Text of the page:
The EventLoop is, in simple terms, a loop that process inputs and outputs, managing the state of the session. For example, it could be a loop that listens on port 80 for all incoming REST messages, or it could be a loop waiting for STDIN input and displaying messages to STDOUT. “Things” that have access to an EventLoop are called Workers, so every Container is a Worker.

In general, we have a container where the services run.

Let’s put all those pieces together and build a command-line tool.

Building a CLI tool to display system information

We’ll start with something simple, a CLI that uses basic system commands to get the information. We will use the following commands: pmset, ifconfig, and df (battery information, network information, and disk space). We will call our application Estatus (naming is hard).

Our application workflow

Our app will work in the following way. First, if we run our application without any parameters, it’ll show us the percentage of our battery, that will be the default behaviour. Then we can send it additional parameters to indicate which “service” we want. For example, ifconfig to get network information, disk for disk space information and batt for our battery information.

Let’s begin.

Creating our app

Using the Swift Package Manager (SPM), we are going to create an application:

1
2
3
4
$ mkdir estatus && cd $_
# We could have mkdir Estatus and then type cd estatus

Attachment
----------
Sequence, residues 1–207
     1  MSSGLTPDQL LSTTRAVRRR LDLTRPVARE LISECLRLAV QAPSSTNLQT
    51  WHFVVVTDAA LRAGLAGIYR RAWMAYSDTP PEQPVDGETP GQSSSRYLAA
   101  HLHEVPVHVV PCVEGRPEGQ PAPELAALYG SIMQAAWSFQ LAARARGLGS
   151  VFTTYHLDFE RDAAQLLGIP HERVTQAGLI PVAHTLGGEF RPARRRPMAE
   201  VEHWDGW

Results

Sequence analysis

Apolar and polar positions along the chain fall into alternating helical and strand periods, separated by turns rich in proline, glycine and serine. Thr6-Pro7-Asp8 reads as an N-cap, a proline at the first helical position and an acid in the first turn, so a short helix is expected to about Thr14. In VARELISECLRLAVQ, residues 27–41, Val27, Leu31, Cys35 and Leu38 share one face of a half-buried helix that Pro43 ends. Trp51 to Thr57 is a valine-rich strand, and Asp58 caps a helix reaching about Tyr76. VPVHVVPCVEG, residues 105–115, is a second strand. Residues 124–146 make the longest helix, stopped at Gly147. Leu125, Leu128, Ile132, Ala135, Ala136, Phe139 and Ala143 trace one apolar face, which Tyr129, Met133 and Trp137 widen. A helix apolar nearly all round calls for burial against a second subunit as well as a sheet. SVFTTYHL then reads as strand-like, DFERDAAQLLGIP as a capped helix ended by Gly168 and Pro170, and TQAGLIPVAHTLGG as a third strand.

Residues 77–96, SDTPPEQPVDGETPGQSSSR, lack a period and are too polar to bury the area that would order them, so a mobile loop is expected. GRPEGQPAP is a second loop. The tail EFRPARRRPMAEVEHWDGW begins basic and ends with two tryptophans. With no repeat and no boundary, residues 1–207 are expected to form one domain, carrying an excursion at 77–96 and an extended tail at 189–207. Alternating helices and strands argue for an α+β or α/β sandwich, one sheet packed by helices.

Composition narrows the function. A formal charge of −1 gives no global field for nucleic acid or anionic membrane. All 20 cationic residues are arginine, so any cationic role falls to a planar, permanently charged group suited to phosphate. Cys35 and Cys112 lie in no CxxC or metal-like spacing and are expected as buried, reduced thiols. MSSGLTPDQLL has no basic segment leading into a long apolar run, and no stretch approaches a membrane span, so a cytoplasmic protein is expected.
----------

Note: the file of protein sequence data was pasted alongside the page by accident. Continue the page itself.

# but I always like to share this fun tricks
$ swift package init --type executable

Now let’s add our dependencies we are going to use Console, so we need that dependency. Also, we will need to add Command which comes as part of Console. Our Package.swift file will look like this:

1
2
3
4
5
6
7
8
9
10
11
12
13
14
15
16
17
18
19
// swift-tools-version:5.0
// The swift-tools-version declares the minimum version of Swift required to build this package.

import PackageDescription

let package = Package(
    name: "Estatus",
    dependencies: [
      .package(url: "https://github.com/vapor/console.git", from: "3.0.0"),
    ],
    targets: [
        .target(
            name: "Estatus",
            dependencies: ["Console", "Command"]),
        .testTarget(
            name: "EstatusTests",
            dependencies: ["Estatus"]),
    ]
)

That sets our dependencies. Now we’ll start by creating our default service, battery status. If you are on a desktop computer you can use any other command, maybe display your computer’s uname. Create the file BatteryCommand.swift inside the Sources/Estatus directory, and add the following content:

1
2
3
4
5
6
7
8
9
10
11
12
13
14
15
16
17
18
19
20
21
22
23
24
25
26
27
28
29
30
31
32
33
34
35
36
37
38
39
40
41
import Foundation
import Command

struct BatteryCommand: Command {

    var arguments: [CommandArgument] {
        return []
    }

    var options: [CommandOption] {
        return []
    }
    var help: [String] {
      return ["Usage:", "Estatus batt"]
    }

    func run(using context: CommandContext) throws -> Future<Void> {
      let pmset = Process()